Carefully Studying The Baptism Texts Of The New Testament (Two)

It is written:

concerned only with foods and drinks, various washings, and fleshly ordinances imposed until the time of reformation. (Hebrews 9:10)

As strange as it may sound, in order to better understand the baptism of the New Testament, we must begin with the Old Testament.

Many are not aware that baptism (ceremonial cleansing in water) was an important part of the Old Testament Scriptures. It was especially discussed in Leviticus chapters 11-15.

In the Book of Hebrews, Paul discusses the various “washings” (baptismos-one of the Greek words for baptism) that were practiced under the Old Testament Law.

Speaking of this subject, Ferguson has written:

“Jewish concepts and practices provide a more likely immediate context for Christian baptism than any other antecedents. 115 Ideas of purity among the Jews, however, were similar to those in their surrounding cultures. First-century Judaism, moreover, saw considerable influence from Hellenism. There was considerable variety in the purification practices among Jews and the application of water in those rites. 116 Our main concern is background information relevant to Christian baptism and hence words of the bapt-root, but here we note some generalizations about usage of some other words. Λoύω is to wash the whole body; νἰπτω is to wash parts of the body (especially hands—Philo preferred the compound ἐκνἰπτω); πλύνω is to wash inanimate things; ἀπoλoύω is a strengthened form stressing the complete removal of dirt; λoυτρóν is the place for a bath, a bathhouse, water for a bath, or the bath itself; ῥαἰνω is to sprinkle (an aspersion). 117 The Background in the Jewish Scriptures Ceremonial Cleansing The Law of Moses provided for ceremonial applications of water for purposes of purification and included a degree of detail lacking in Greco-Roman sources. 118 This practice applied to human beings and to inanimate objects: “Whoever touches the carcass of any [unclean animal] shall be unclean until the evening, and whoever carries any part of the carcass of any of them shall wash [] 119 his clothes and be unclean until the evening.” 120 Any “article of wood, cloth, skin, or sacking” on which a dead unclean animal falls “shall be dipped into water [εἰς ὕδωρ βαφήσεται], and it shall be unclean until evening.” 121 Uncleanness attached also to a person who touched the dead body of a human being, making that person unclean for seven days. On the third and seventh days a clean person poured running water [] into a vessel containing the ashes of a burnt purification offering, dipped [βἀπτω] hyssop into the water mixed with ashes, and sprinkled it on whoever touched the corpse or the grave: The clean person shall sprinkle [] the unclean ones on the third day and on the seventh day, thus purifying him on the seventh day. Then he shall wash [] his clothes and bathe himself in water [λoύσεται ὕδατι], and at evening he shall be clean. 122 Other occasions of ceremonial defilement required the use of water in purification. A man after a discharge of semen and a woman after the discharge of her monthly period were ceremonially unclean and had to wash their clothes and bathe in water; so did anyone who touched them, their clothing, or their bedding. 123 A distinction was made in the vocabulary employed for washing clothes and bathing, and between dipping an object and pouring and sprinkling various substances. This is illustrated by the account of the cleansing of a person cured of a skin disease: [The priest] shall take the living bird with the cedarwood and the crimson yarn and the hyssop, and dip [βἀψει] them and the living bird in the blood of the bird that was slaughtered over the fresh water. He shall sprinkle [] it seven times upon the one who is to be cleansed of the leprous disease; then he shall pronounce him clean. . . . The one who is to be cleansed shall wash [] his clothes, and shave off all his hair, and bathe [λoύσεται] himself in water, and he shall be clean. . . . The priest shall take some of the . . . oil and pour [] it into the palm of his own left hand, and dip [βἀψει] his right finger in the oil that is in his left hand and sprinkle [] some oil with his finger seven times before the Lord. 124 These passages are representative of the use of βἀπτω in the Greek Old Testament. For a complete listing see chapter 3. It most often translates the Hebrew , ṭabal, “to dip.” The Hebrew and the Greek maintain different word usage for bathing and washing from dipping or immersing (ṭabal, baptō). The use of “living” (), “running,” water is specified in Numbers 5: 17; 19: 17; Leviticus 14: 5, 50-53.” (Everett Ferguson, Baptism in the Early Church: History, Theology, and Liturgy in the First Five Centuries: History, Theology and Liturgy in the First Five Centuries, 1701-1742 (Kindle Edition); Grand Rapids, Michigan; William B. Eerdmans Publishing Company)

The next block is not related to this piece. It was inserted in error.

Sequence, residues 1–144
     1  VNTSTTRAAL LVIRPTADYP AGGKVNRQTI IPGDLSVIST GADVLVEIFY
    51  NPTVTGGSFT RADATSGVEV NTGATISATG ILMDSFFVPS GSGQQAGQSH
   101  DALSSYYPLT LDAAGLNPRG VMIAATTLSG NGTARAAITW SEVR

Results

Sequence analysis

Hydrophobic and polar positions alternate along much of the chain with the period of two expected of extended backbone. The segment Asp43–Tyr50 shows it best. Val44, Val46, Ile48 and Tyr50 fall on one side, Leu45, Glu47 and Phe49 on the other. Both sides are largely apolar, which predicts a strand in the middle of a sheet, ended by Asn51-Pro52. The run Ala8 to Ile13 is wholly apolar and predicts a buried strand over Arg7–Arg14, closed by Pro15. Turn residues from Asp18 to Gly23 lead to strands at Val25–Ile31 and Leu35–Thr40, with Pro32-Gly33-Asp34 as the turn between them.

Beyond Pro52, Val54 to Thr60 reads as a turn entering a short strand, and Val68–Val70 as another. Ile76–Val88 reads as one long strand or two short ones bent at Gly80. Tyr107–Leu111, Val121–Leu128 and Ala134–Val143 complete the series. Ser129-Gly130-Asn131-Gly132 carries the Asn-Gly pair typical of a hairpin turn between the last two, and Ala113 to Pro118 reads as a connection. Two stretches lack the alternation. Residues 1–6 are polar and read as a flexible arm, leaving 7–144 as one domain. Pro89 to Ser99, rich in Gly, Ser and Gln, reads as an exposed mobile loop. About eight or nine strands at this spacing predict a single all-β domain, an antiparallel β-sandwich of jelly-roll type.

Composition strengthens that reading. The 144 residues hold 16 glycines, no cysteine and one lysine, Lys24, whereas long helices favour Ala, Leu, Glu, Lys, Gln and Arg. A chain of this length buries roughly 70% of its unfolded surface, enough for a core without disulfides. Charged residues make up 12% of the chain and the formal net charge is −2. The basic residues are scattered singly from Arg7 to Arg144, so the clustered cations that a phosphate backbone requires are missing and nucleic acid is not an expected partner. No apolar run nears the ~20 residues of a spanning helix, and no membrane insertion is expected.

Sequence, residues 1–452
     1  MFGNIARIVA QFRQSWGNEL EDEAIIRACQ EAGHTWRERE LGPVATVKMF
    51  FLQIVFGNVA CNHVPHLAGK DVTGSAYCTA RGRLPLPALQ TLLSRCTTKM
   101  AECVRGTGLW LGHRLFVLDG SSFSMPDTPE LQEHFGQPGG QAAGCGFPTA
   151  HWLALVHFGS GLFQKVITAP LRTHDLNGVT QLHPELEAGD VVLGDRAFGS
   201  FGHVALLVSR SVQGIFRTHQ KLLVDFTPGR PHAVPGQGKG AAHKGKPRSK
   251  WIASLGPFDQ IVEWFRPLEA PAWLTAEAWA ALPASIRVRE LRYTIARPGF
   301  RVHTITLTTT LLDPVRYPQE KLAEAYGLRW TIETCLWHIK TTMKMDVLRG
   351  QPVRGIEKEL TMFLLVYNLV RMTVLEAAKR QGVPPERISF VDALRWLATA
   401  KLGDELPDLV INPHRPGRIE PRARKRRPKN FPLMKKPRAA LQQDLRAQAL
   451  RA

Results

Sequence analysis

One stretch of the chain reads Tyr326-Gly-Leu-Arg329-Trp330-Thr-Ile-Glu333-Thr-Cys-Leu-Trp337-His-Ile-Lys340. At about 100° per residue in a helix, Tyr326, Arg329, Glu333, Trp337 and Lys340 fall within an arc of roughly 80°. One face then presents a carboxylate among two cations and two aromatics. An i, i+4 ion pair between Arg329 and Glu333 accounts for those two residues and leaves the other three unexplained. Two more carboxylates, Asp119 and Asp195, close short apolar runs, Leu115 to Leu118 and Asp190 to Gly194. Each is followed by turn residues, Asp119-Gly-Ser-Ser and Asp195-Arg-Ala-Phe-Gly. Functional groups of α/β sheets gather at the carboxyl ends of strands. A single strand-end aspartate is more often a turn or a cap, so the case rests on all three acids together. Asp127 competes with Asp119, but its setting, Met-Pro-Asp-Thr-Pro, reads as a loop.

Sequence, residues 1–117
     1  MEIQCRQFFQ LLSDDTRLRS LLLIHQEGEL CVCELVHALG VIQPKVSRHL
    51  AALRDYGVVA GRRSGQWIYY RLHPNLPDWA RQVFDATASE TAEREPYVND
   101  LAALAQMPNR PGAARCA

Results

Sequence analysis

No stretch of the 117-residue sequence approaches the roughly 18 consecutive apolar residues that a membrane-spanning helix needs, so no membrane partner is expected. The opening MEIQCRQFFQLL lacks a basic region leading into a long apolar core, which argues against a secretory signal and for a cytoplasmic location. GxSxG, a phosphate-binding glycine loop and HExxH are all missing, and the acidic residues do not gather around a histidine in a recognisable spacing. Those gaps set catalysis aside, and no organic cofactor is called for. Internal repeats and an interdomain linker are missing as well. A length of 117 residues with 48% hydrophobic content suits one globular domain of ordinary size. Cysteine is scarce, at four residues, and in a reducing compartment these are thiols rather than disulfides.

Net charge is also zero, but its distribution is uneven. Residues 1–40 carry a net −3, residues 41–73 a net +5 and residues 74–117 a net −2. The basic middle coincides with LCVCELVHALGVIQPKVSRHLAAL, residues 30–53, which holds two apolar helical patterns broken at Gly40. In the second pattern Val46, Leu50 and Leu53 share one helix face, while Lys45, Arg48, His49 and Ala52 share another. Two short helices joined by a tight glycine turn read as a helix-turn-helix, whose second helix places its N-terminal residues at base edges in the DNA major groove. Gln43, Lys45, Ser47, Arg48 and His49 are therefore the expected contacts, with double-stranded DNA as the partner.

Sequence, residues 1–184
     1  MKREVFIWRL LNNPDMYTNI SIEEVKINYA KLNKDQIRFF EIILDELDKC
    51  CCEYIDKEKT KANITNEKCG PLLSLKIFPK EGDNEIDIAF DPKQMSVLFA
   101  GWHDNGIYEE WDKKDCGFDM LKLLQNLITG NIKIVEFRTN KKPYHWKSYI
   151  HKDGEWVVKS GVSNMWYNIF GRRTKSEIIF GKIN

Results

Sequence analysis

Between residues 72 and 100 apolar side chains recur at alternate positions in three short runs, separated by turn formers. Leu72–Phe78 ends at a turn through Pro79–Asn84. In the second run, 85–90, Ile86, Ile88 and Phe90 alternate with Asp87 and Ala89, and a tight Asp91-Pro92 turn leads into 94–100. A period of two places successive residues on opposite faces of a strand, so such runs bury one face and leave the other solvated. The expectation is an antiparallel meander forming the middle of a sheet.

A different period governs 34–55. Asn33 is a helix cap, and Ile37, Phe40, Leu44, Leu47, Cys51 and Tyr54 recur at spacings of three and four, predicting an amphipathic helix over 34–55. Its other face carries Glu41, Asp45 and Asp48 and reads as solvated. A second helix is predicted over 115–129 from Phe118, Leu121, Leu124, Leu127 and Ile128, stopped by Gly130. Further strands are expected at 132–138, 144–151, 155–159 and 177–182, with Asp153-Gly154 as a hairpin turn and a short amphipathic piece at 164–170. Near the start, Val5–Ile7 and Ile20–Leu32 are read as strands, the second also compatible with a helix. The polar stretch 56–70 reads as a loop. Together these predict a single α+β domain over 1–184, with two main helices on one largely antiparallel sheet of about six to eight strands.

From these facts, we can learn several things about the subject of baptism in the Old Testament.

First, baptism was practiced in the Old Testament. Not only was it practiced, but in many cases, it was commanded.

Second, the primary purpose of baptism in the Old Testament was a ritual cleansing by immersion in water.

Notice that the Old Testament (and the Jewish rabbinical texts) maintain the distinctions between immersion and sprinkling and pouring of water. Baptism (immersion) was seen to be distinct from the sprinkling and pouring of water-they were not the same.